Having a handgun also means, in most cases, more ammo capacity and likely more spare magazines or loaders on your person. When it comes to speed, reloading a semi auto pistol beats any shotgun. Loading rounds into a tube will seem like an eternity when you’re in a rush versus simply swapping out the magazine of a pistol or even a speedloader of a double action revolver if you practice enough.
I decided to take my Remington 870 and my Makarov PM, my favorite carry gun in warm weather, to the range to see how they fared against one another. I started at the 7-yard line. I loaded the Remington 870 with a 2.75 inch round of nine pellet 00 buckshot and the Makarov a full magazine of eight rounds and one in the chamber. This gave me nine rounds from a handgun against nine pellets of buckshot.
The groups were fairly close, much closer than one might expect, but the thing to remember is that I delivered all of those pellets from the shotgun at once, while the Makarov was a rapid and steady fire affair but it still took several seconds. The 9x18mm Makarov round is on par with .380 and is a mild round compared to .40 S&W and .45 ACP, so I’m apt to think that a group from a stouter round would be larger compared to the shotgun.
I then brought the shotgun and the Makarov back to the 15-yard line. The two groups started began spreading out at this distance with the 00 buckshot really opening up but still keeping all the pellets within a radius of 12 inches. I fired the Makarov at the same brisk pace I kept at the 7-yard line. The nine round were still fairly closely grouped. Again, keep in mind that the Makarov is a fairly pleasant shooting pistol with low recoil due to its all steel frame and mild caliber.
The point of the exercise was to see what both guns could do at similar ranges. The first verdict is you can do more with one well placed round of buckshot faster than you can empty the magazine or cylinder of a handgun. The second verdict is that a handgun, with skill acquired through practice, can be effective at the same practical ranges as a shotgun inside a home.
A word on penetration
So what about penetration? It was a pretty moot point to test against drywall since it is a fact that even light birdshot can go through a couple layers of drywall. You have to still be aware of your surroundings no matter what you’re shooting. Both handguns and shotguns will send a round through a wall into the next room with ease, so take that into consideration no matter which you choose.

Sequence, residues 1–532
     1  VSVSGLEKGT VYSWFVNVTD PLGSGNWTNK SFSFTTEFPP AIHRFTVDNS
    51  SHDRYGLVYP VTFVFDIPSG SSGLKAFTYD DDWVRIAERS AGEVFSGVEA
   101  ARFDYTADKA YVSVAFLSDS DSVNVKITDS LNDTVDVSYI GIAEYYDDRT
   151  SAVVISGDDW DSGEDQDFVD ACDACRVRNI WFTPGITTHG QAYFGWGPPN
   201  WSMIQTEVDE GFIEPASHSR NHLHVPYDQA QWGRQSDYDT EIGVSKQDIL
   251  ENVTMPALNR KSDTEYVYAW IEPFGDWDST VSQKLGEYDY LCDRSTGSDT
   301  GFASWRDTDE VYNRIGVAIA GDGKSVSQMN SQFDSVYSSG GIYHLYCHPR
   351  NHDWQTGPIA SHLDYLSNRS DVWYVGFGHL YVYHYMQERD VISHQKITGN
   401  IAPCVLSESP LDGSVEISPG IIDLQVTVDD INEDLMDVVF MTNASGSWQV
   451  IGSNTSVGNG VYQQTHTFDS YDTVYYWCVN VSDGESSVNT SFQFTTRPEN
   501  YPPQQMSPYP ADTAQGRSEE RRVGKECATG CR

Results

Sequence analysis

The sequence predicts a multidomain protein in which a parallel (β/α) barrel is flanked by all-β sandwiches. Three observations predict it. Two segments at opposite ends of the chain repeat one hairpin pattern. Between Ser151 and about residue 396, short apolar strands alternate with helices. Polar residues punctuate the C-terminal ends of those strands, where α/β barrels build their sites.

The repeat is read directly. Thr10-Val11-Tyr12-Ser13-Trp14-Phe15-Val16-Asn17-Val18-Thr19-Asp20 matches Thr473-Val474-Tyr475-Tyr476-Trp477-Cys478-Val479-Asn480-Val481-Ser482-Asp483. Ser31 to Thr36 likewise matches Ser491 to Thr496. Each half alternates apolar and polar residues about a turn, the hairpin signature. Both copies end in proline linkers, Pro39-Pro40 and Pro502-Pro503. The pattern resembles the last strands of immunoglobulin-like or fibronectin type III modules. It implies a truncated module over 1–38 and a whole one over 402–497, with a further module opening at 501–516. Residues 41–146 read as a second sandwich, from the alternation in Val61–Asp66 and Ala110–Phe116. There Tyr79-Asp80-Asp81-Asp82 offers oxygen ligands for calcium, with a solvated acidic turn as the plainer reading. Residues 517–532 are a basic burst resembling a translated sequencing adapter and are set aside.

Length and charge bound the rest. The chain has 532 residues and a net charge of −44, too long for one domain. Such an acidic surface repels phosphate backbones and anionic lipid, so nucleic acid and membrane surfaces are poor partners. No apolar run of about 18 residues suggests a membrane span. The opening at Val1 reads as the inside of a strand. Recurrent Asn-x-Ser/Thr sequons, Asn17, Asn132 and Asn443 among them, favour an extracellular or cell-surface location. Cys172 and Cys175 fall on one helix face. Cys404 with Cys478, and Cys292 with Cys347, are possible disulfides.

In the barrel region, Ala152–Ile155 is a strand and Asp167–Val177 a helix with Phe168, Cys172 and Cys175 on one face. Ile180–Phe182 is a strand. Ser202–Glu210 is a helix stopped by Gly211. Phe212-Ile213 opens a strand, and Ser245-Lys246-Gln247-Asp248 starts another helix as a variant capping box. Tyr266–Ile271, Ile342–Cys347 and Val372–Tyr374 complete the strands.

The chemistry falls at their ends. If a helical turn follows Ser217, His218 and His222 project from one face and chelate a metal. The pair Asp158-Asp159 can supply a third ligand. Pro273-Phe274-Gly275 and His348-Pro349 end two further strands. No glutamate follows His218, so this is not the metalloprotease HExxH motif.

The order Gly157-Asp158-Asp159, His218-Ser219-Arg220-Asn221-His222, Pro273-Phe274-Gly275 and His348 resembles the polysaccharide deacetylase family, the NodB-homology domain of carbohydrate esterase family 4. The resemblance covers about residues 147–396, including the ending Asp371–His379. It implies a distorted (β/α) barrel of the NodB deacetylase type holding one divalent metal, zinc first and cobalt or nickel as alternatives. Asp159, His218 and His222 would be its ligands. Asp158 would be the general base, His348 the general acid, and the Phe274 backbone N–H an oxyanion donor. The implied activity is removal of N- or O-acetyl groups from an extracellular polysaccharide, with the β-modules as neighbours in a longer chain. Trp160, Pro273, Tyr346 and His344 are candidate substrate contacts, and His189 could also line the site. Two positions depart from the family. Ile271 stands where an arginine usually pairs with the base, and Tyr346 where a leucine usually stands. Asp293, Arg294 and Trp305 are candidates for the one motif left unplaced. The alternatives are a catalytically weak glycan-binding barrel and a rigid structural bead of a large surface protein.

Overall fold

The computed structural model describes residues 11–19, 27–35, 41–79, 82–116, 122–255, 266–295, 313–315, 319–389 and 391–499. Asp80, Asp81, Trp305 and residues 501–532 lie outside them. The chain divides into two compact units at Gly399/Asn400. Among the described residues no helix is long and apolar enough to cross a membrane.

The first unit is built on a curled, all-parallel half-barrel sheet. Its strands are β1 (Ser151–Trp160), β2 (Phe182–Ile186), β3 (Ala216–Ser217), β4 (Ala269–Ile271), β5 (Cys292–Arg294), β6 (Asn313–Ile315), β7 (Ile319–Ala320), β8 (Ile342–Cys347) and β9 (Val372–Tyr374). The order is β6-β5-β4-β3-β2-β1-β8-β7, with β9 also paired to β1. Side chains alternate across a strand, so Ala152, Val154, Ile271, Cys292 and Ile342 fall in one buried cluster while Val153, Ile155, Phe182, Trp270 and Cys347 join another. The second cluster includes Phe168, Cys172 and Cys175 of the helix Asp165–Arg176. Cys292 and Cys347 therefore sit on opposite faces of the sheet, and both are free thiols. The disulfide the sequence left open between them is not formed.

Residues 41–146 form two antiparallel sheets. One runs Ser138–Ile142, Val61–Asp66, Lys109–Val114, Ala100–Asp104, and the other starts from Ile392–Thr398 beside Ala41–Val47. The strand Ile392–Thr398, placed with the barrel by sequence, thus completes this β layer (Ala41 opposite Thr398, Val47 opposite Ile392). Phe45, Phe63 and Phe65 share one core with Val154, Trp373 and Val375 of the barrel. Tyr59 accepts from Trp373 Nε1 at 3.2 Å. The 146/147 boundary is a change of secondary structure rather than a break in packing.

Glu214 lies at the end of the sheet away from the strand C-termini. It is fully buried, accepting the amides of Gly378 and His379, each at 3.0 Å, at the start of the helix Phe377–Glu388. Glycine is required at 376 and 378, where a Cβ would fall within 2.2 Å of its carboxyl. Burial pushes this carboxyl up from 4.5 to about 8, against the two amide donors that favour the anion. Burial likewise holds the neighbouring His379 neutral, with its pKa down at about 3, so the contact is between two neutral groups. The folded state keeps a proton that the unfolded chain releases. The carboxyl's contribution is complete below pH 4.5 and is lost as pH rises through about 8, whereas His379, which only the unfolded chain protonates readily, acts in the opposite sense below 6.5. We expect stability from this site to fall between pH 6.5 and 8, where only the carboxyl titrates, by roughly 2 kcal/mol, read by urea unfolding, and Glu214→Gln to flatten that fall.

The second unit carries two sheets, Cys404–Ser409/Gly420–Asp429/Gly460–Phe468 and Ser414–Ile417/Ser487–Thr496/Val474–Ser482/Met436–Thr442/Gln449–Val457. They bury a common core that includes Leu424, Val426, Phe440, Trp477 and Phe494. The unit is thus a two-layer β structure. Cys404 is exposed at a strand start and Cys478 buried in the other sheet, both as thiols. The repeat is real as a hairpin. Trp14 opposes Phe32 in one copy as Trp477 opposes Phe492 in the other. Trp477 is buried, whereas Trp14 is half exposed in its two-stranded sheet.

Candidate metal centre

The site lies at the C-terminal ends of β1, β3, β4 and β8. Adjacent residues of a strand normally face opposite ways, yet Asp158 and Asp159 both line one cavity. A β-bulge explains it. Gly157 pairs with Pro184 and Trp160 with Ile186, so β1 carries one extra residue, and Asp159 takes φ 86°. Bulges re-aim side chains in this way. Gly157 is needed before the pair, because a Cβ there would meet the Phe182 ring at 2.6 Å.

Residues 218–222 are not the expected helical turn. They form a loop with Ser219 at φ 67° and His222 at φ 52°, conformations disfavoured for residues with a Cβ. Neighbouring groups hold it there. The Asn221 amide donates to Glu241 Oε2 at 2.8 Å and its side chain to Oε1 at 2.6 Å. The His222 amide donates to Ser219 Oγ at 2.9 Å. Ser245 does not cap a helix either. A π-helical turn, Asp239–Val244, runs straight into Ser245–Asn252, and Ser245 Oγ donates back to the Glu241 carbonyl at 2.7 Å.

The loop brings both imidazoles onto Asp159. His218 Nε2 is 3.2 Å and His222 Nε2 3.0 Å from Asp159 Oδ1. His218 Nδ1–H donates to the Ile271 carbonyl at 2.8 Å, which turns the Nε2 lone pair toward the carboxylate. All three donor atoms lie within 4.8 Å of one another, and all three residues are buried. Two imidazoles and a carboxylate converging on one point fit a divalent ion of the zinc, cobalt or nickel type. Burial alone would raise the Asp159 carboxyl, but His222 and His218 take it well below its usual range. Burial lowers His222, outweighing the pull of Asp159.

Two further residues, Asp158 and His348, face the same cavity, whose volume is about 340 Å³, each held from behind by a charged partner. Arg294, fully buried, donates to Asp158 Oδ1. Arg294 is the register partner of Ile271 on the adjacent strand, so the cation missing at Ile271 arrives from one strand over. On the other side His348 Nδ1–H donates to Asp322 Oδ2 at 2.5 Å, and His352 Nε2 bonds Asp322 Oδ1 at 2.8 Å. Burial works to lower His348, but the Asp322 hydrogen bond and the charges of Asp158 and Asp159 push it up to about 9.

Which would you pick? The decision is ultimately yours. Why not both? Well, that’s probably the smartest option, but not really in the spirit of this exercise.
If you’re looking for advice on a gun for your home, something you wouldn’t necessarily plan on carrying outside, I recommend a shotgun. Whether it’s 12, 20, or even .410, shot for shot, no handgun can match what a shotgun delivers — as long as it is buckshot.
Shotguns are also very cost effective. You can pick up a cheaper defensive shotgun like a Maverick 88 for less than $250 and a Remington 870 for under $400. You can find used shotguns often for around $200 or less in some cases. Also if you have a shotgun for hunting, many have barrels that interchange. For a mere $100 or so you can turn your hunting gun into a defensive shotgun in a matter of moments.
Handguns are of course great for personal protection, if you are going to take the time and expend the energy to get good with them. You still need to practice with your shotgun and pattern loads at different ranges from up close to at least 15 yards. But in the end it’s the simpler and usually better choice.
Original Source at Guns.com
Original Source at Guns.com